Thursday, April 19, 2007

Console Post of the Week

Here's how obvious some of the data is at this point: I'm writing this entire post before the NPD numbers come out. All I'm going to do is insert the NPD numbers when they're released and it's good to go.

On April 13, I wrote that I expected PS3 sales for March to be between 120,00-140,000. Today's NPD number? 130,000. Another absolutely horrible month for the PS3. The Wii sold 259,000 units (every one they made). Microsoft sold 199,000 units, and if I'm Microsoft, that number alarms me.

God of War II helped drive PS2 sales to an amazing 280,000 units. Is that good for Sony? Not if you wanted any of those people to buy a PS3.

I'm still trying to clarify if this was a four or five-week tracking period. If it's five, the PS3 sales were closer to catastrophic than horrible. I'll let you know when I find out. [UPDATE: Those March numbers are for a FIVE week period. I was estimating 120k-140k PS3 sales based on a FOUR week period. Selling 130k in a five-week period is unfathomably bad. It's not good for Microsoft, either, because their 199k also included the first 291k sales of Guitar Hero II.]

I'll start off with Nintendo this week, but again, there's not much to say. Insert the sound effect of money spewing out of a machine [here].

Microsoft? Roger Ehrenberg wrote an interesting piece at Yahoo Finance titled "When Will Microsoft Own Up to the Xbox 360 Bomb?" It's available here, and while I disagree with quite a bit of it, it's still a very interesting read. Here (by his own analysis) are his three main conclusions:
Gaming has been a disastrous endeavor for Microsoft, particularly from an investment perspective;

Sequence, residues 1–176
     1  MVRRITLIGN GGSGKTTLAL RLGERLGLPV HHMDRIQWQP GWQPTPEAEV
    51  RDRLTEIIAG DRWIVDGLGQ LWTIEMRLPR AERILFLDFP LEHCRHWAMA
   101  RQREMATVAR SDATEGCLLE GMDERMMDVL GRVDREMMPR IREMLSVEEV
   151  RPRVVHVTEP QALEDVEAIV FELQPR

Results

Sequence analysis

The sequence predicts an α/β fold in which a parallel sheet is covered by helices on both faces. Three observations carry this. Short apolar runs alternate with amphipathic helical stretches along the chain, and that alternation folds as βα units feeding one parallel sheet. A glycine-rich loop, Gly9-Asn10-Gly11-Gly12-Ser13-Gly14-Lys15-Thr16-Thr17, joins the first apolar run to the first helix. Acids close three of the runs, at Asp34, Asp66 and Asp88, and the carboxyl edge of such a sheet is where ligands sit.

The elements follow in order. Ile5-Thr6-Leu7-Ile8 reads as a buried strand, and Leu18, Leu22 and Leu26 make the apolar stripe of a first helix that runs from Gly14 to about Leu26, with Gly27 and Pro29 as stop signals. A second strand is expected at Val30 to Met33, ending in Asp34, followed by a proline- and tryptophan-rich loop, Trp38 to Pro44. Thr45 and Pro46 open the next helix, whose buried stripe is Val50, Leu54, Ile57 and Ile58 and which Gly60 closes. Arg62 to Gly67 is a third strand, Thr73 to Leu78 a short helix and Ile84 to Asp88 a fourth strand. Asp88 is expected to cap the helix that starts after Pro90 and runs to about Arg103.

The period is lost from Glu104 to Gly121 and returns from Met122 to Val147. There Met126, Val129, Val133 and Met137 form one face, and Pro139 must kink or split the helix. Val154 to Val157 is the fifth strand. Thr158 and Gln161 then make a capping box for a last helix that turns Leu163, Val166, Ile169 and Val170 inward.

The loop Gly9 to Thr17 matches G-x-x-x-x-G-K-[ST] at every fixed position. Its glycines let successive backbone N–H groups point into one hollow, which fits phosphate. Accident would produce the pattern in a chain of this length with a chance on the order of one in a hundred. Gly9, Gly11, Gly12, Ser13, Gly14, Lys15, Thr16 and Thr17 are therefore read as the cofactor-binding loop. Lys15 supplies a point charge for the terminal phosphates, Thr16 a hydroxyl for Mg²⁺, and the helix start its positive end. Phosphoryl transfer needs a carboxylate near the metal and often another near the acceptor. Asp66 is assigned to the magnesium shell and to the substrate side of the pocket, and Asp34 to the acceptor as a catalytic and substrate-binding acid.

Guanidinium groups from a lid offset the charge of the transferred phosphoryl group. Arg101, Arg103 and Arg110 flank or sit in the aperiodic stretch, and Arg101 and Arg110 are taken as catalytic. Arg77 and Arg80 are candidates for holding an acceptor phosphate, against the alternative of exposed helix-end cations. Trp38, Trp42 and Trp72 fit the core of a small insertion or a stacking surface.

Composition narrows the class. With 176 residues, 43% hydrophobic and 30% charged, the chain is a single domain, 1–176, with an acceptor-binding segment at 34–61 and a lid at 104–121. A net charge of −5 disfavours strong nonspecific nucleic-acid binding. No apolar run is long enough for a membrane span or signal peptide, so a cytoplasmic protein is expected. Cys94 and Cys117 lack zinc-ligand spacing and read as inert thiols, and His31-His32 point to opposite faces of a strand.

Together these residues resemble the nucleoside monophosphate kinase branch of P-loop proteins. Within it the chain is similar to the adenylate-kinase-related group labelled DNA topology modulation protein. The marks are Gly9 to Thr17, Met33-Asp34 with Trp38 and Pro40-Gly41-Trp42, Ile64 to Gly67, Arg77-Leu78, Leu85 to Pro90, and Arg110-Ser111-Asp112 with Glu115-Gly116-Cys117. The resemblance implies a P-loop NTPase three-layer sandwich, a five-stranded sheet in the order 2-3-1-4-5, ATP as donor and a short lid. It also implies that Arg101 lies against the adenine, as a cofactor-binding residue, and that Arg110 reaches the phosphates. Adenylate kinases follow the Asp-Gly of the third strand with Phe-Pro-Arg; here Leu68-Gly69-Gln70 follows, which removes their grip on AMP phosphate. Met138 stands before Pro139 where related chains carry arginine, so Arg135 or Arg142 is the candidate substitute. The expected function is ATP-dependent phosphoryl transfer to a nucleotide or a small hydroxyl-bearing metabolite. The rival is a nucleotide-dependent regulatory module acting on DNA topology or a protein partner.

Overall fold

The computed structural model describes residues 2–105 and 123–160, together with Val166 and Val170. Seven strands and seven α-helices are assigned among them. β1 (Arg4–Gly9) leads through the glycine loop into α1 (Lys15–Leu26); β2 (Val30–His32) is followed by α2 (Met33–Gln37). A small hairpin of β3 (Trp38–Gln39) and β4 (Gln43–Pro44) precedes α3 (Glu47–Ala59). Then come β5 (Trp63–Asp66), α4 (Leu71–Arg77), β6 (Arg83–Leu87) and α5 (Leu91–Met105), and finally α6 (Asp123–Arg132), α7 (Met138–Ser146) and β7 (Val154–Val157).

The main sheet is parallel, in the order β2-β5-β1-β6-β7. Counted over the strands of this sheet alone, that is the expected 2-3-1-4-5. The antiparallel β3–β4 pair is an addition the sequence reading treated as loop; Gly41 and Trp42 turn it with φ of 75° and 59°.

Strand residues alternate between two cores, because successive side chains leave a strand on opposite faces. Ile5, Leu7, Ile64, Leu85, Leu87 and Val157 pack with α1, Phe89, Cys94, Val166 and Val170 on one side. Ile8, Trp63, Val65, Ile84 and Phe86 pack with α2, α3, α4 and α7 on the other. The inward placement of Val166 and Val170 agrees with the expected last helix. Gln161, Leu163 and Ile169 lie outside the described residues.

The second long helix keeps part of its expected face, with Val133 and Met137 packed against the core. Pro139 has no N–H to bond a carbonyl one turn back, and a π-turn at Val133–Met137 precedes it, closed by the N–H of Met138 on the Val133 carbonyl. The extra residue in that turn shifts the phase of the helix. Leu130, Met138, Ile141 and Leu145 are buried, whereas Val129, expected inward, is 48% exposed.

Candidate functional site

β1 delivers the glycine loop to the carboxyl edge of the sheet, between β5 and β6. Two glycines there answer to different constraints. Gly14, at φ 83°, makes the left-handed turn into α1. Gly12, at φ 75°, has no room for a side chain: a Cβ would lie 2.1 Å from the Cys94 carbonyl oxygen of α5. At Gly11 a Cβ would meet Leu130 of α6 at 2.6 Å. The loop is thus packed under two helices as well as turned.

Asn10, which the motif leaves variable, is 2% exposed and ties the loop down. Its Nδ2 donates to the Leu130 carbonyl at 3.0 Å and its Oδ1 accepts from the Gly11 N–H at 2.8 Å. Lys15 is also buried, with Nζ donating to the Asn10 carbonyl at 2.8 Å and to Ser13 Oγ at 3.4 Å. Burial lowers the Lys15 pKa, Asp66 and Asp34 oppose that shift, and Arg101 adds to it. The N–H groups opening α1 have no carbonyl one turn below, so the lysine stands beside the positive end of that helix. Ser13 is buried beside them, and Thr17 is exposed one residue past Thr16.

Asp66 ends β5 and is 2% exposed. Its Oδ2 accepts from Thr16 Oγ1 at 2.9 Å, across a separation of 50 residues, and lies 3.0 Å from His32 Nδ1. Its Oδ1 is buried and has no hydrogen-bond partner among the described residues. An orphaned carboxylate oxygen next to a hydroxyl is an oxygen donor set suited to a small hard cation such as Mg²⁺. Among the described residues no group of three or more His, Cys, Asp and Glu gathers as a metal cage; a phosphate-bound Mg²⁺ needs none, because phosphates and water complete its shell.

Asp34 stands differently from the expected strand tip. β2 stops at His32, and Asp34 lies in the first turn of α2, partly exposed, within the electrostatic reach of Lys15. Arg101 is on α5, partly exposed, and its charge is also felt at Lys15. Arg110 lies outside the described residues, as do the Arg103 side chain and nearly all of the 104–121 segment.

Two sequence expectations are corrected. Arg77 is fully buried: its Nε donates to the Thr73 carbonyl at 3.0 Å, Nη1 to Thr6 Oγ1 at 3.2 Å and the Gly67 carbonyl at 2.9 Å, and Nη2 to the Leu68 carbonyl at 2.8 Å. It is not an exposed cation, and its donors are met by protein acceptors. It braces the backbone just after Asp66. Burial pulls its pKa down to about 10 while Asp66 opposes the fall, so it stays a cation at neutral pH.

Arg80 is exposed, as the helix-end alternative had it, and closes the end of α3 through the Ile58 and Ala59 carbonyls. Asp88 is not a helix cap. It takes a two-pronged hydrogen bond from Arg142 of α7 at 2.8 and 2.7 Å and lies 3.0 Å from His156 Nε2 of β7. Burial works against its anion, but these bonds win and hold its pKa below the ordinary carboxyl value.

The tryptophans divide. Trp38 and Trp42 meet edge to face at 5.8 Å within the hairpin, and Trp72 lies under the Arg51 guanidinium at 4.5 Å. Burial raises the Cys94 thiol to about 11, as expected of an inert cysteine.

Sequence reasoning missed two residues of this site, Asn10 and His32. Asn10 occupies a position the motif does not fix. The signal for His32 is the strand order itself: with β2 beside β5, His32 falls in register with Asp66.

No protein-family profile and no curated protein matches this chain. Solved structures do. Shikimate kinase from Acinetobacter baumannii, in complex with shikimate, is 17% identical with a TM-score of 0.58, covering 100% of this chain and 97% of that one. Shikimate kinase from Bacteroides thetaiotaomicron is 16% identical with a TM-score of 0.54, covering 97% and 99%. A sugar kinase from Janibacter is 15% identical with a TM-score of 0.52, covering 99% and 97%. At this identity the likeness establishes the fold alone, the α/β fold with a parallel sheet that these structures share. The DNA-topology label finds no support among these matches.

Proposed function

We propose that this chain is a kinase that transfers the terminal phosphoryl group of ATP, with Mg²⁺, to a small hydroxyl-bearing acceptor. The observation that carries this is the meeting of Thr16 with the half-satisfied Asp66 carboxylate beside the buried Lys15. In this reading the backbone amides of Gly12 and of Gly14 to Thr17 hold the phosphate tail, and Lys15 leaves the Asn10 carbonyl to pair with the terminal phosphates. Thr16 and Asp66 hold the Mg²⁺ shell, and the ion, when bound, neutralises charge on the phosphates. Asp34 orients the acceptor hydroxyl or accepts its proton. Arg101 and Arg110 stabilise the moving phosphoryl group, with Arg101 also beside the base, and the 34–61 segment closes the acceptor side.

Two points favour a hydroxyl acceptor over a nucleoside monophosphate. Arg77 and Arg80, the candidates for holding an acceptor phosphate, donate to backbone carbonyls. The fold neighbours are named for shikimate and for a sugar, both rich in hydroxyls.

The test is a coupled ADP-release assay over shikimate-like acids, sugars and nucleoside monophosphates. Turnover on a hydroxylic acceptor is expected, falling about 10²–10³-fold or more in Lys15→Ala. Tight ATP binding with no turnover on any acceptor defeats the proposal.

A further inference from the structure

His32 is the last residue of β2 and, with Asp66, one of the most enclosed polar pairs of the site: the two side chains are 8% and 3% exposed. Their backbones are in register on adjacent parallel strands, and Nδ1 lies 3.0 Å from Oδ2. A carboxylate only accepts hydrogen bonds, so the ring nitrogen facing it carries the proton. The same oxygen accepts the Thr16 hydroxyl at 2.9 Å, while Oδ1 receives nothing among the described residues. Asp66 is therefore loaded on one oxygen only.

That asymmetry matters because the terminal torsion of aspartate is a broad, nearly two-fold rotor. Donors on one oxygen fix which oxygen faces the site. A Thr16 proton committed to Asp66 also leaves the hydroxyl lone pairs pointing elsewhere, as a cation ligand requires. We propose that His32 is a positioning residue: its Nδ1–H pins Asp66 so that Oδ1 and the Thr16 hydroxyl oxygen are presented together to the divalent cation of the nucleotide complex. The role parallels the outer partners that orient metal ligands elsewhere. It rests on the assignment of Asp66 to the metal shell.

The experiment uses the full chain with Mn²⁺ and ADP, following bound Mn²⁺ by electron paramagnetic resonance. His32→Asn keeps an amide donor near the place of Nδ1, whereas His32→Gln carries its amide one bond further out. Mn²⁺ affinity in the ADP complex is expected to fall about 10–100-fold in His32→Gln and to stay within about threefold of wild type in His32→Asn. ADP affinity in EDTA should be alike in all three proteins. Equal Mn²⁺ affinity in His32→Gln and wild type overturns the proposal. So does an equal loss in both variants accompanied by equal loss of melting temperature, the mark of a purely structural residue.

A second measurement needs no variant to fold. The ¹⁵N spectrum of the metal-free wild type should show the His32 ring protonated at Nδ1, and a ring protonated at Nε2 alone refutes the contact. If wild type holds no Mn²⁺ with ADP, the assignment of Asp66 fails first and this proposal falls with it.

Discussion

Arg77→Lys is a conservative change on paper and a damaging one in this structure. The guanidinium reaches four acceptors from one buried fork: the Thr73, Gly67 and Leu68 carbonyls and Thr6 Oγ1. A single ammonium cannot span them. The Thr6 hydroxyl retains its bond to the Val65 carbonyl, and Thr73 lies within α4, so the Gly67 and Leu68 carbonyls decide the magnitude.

The seeds of this failure are evident from their sales performance in Japan, particularly when comparing their 18 week sales figures (which is about how long the Wii and PS3 have been out) relative to those of the most successful console releases; and

This early failure in the key Japanese market has a compounding negative effect on worldwide console sales, as game developers are less willing to invest in high-risk projects for console platforms that are shaky out-of-the-gates, which makes it less attractive for gamers to buy these consoles, and so on.

Like I said, I disagree with quite a bit of this, particularly the notion that success in Japan is the foundation of success for a console worldwide. That was true in 1997. It might even have been true in 2000.

But clearly, it's not true now.

Let's look at some Japanese population basics (taken from The World Factbook):
--total population: 127,000,000
--age structure:
0-14 years: 13.8% (male 9,024,344/female 8,553,700)
15-64 years: 65.2% (male 41,841,760/female 41,253,968)
65 years and over: 21% (male 11,312,492/female 15,447,230) (2007 est.)
birth rate: 8.1 births/1,000 population (2007 est.).
--median age:
total: 43.5 years
male: 41.7 years
female: 45.3 years (2007 est.)
--population growth rate: -0.088% (2007 est.)
--net migration rate: 0 migrant(s)/1,000 population (2007 est.)

Those numbers may look like gibberish, but let's look at the United States in comparison: